I've thought of a new app. It's not in good taste but those who have known me for awhile... Anyway, they may already have it. It's the "I'm dead" app. If you don't log on for (specify period of time) it automatically changes the profile picture to one you pre-selected. Perhaps with X's over the eyes. That would be one of my choices unless I could get someone to photograph me in a coffin with coins on my eyes. The suit would be the tricky part. Any private messages come back with a message you personalized "I'm sorry but I'm too dead to answer right now..." And I think it should rename you something like "Dead Logan Horsford". Then, your still alive friends would have their friends ask "Is it creepy to have a dead guy in your friends list?" And when you eventually get old you will find the creepy dead guys in your friends list outnumber the still alive (and perhaps equally creepy) ones. If I had any skill with computers (and something that had more power than a wind up airplane) I'd totally come up with that app if they haven't already.


Today, we will look at a fairly common slang phrase:

"Don't buy the cow if you get the milk for free." The alternative phrase is "Why buy the cow if you get the milk for free?"

Both phrases are identical in their meaning.

Although it could relate to an actual cow it would be suspiciously unusual. This phrase is normally said by a man to a friend of his who is planning on asking a girl to marry him. The actual meaning is "Why get married when you are getting sex for less hassle than marriage is presumed to entail?"

This question is usually perceived as 'insensitive' by all parties.

The question is not seen as rude enough to merit any sort of hostile recourse. The person (almost always male) who is pondering marriage has only two real answers to this question. The first is along the lines of 'shut up'. The second is to mutter while looking at your feet something about love and flowers. You should not appear to ponder it at all, even if you do so in private for fear that your would be spouse is lurking nearby or that her spy network will bring her new of this.

If this question is asked by a man to his potential wife or wife, it is usually responded to by a hearty face slap and the withholding of sexual favors until such time as the man's groveling merits the return to 'good graces'.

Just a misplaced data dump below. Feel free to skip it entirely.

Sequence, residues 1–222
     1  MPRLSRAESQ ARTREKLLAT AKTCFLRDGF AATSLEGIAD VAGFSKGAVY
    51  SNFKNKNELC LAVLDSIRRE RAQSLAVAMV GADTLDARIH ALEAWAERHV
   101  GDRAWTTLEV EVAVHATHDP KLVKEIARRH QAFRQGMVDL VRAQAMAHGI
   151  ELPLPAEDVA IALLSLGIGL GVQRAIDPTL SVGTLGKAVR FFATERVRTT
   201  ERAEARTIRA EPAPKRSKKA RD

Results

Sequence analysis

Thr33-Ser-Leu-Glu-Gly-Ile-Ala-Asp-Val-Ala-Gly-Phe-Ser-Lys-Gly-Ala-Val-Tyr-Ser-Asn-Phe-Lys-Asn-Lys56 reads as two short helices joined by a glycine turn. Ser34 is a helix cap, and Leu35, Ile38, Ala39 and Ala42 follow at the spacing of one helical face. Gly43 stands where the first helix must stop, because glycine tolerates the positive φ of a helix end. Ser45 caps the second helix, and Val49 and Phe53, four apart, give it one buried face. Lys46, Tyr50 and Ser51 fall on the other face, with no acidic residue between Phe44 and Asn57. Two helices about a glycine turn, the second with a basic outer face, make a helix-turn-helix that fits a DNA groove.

Note, I have personally never heard anyone above the age of thirty or gay ask this question but I'm sure someone somewhere has.

This question is thought to have originated in the part of America erroneously known as 'the south'. In actuality, it is the south-eastern portion of the country. Presumably, because livestock are much more common.

The obscene variant of this question is "Why buy the cow when you get to fuck it for free?" Insulting to your cow shaped significant other along with the implication that the speaker as well as the person being asked both condone and practice bestiality.

The proper response to this variant is to look at the questioner and slowly shake your head. If you wish to say something along the lines of "You sick, twisted bastard.", this is also acceptable.

Learning English in this way is much more interesting than a standard school. If you'd like to see Logan's "Advanced English Course For Foreigners" taught in your school, please send a SASE c/o this station.


Being against child labor is fine - in theory. In practice, it might mean 'they don't eat'. A lot of the kids I've talked to work right along side of their parents at the family business. Some even get to go to school. When they are home, they work or play. For a lot of kids it's work if you want to eat. I mentioned this to one lady and she said 'well, if they're not exploited'. Too many qualifiers. Maybe they are, maybe they aren't. I know when I worked as an adult, I felt very exploited. Daily. And often, ass invaded. But in a lot of parts of the world, child labor is not something I think we should just condemn out of hand without going into a lot more detail. In BASEketball, I now feel bad that all of those kids got laid off. Compared to what I've seen people working at in India, any kid would think that was a dream job in a freakishly clean work environment.